Overview of Australia’s aid program to Bangladesh

How we are helping

2015-16 Total Australian ODA Estimated Outcome
$57.5 million

2016-17 Bilateral Budget Estimate
$42.1 million

2016-17 Total Australian ODA Estimate
$56.1 million

The Australian Government is providing an estimated $56.1 million in total ODA to Bangladesh in 2016-17. This includes an estimated $42.1 million in bilateral funding to Bangladesh managed by DFAT.

Australia’s bilateral relationship with Bangladesh continues to grow. Two-way trade exceeded $1.7 billion in 2014-15 on the back of sustained growth in the Bangladesh economy. Australia is increasingly a preferred education destination for Bangladeshi students. Our development partnership – one of Australia’s largest – is long-standing.

Poverty has steadily declined over the last 20 years in Bangladesh, but 47 million people still live in poverty – the highest per capita poverty levels in South Asia. 28 million of these people are classified as extremely poor, which means they are unable to satisfy their minimum food needs. Elimination of extreme poverty is one of the biggest challenges facing Bangladesh. The poor commonly do not have adequate foundational education, skills or assets to participate in and gain from growth in the economy. Access to better quality education in Bangladesh will develop higher value skills and more productive livelihoods, which combined with effective social protection systems, will help to re-distribute the benefits of growth.

Australia’s ODA will support initiatives to enable Bangladesh to meet its development objectives with a particular focus on education and building economic resilience among the poorest and most marginalised communities. In both areas, we will prioritise gender equality by focusing on empowering women and girls.

Australia’s support to Bangladesh aligns with the Bangladesh Government’s vision for the country, outlined in its Seventh Five Year Plan 2016–2020, in which the Bangladesh Government states that it aims to boost economic growth and empower citizens as part of the Government’s long-term vision for eliminating poverty.

Australia is focusing its efforts in Bangladesh in areas where Australia can make a difference and where our resources can most effectively and efficiently be deployed.

Our program is outlined in greater detail in the 2015/16- 2018/19 Bangladesh Aid Investment Plan.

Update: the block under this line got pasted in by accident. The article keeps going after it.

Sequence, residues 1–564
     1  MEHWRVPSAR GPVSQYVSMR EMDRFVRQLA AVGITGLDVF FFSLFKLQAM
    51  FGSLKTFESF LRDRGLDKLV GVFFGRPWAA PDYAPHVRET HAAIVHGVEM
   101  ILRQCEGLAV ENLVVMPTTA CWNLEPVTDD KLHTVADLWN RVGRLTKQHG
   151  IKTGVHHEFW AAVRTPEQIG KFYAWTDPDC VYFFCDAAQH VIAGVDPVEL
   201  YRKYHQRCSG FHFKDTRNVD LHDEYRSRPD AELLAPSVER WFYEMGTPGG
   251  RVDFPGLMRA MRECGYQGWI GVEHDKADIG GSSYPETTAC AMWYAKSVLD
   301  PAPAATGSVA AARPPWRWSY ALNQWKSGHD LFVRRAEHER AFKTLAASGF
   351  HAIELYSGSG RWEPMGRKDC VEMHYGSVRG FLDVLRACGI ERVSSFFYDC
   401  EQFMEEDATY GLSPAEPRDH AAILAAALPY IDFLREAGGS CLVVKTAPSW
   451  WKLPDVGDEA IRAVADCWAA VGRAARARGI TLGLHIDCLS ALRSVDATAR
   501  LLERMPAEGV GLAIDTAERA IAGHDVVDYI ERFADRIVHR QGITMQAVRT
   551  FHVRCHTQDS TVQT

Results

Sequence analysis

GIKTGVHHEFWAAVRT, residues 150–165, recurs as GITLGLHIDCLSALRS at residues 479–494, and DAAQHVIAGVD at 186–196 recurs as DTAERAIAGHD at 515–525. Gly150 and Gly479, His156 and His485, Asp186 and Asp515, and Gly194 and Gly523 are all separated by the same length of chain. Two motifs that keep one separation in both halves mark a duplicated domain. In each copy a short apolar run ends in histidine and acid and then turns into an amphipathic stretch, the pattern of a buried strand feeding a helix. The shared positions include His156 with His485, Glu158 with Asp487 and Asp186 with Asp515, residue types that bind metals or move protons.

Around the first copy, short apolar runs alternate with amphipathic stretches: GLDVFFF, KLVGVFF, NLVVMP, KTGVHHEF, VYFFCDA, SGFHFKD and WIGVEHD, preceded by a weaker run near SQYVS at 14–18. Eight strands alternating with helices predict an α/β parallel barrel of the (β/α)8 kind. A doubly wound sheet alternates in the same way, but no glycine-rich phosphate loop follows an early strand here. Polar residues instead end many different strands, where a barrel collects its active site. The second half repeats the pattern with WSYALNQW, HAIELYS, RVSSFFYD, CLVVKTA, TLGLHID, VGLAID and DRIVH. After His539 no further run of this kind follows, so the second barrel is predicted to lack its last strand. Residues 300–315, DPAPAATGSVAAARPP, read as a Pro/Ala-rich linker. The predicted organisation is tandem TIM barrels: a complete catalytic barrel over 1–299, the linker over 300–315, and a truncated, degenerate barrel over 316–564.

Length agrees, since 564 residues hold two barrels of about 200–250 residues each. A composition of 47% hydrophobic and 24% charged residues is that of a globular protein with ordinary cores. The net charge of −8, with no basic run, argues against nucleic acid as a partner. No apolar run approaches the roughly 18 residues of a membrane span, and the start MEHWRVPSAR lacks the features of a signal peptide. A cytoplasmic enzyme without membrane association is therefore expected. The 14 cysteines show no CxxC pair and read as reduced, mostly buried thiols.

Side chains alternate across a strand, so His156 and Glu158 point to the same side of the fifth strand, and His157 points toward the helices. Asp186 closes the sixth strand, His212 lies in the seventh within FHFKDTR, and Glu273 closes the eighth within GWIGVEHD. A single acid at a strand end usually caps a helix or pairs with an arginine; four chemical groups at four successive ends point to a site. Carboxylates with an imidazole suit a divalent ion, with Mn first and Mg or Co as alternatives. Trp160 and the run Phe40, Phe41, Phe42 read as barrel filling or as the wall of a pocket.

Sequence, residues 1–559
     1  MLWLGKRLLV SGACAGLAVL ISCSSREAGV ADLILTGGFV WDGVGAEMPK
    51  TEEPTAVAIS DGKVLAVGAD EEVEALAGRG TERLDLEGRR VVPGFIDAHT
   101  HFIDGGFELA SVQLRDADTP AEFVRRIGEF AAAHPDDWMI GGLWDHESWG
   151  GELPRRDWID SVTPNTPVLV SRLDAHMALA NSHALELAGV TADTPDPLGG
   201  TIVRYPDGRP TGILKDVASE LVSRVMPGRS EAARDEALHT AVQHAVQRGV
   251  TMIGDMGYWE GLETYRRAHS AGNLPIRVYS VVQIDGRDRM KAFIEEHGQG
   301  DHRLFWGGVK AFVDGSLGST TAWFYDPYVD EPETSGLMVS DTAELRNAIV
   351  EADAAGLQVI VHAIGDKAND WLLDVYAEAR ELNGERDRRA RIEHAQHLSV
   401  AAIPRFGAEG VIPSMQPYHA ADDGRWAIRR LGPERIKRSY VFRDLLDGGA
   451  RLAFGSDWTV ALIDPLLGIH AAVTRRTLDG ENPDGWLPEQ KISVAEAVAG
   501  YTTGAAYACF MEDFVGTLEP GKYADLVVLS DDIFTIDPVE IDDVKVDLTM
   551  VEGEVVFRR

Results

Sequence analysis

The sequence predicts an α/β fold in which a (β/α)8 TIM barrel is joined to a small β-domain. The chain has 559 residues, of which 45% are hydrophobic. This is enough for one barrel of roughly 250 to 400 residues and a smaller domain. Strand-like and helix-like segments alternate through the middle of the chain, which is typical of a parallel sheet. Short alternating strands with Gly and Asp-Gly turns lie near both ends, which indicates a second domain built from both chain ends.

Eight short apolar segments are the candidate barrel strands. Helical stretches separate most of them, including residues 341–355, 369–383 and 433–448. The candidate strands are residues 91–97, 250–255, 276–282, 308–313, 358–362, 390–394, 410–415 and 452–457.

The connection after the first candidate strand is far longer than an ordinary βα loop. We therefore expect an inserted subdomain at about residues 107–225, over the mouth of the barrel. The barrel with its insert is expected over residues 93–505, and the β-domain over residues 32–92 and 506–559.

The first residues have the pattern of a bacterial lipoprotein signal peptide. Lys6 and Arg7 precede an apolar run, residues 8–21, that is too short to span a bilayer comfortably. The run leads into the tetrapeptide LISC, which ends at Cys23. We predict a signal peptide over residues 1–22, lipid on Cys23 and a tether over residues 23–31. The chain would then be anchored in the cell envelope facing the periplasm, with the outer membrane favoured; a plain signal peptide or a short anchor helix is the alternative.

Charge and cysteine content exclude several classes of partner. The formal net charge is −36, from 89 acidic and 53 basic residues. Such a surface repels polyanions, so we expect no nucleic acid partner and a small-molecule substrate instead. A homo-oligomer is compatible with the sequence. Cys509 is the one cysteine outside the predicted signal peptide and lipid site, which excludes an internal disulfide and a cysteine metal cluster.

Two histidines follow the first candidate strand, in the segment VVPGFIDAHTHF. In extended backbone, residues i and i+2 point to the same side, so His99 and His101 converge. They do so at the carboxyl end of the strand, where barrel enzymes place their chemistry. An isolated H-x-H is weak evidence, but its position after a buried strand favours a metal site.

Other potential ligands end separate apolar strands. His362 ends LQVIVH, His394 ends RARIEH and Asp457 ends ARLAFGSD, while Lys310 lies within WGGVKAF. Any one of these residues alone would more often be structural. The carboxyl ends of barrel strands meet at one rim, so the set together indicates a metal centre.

Objective 1: Improving education access, equity, efficiency and learning outcomes

Supporting primary education will assist Bangladesh to address some of its productivity constraints by improving literacy, numeracy and overall ‘trainability’ of the future workforce. Australia is supporting the Government of Bangladesh’s reform drive by actively participating in the policy and management working groups of the Government’s primary education program, complemented by our budget support and funding for technical assistance through other development partners.

Australia is also expanding access to education opportunities for Bangladeshis. We are working with BRAC, the largest non-government organisation in Bangladesh, to provide second-chance education. This benefits children, predominantly girls from poor families as well as children with a disability, who have dropped out or never enrolled in school.

Investments for improving education access, equity, efficiency and learning

Objective 2: Building economic resilience by reducing vulnerability and improving inclusion in the growing economy

Creating opportunities for the poorest of the population to engage in the economy will help promote resilience and stability. Australia is doing this by improving Bangladesh’s social protection systems, as well as increasing the productive capacity of the poor, through a range of complementary investments. Australia is also assisting extremely poor women to find pathways out of poverty, building on the lessons and successes of our livelihoods investments. These programs are providing people with cash transfers, productive assets, training and access to free health services. This package of support has been proven to increase income earning capacity amongst the poor.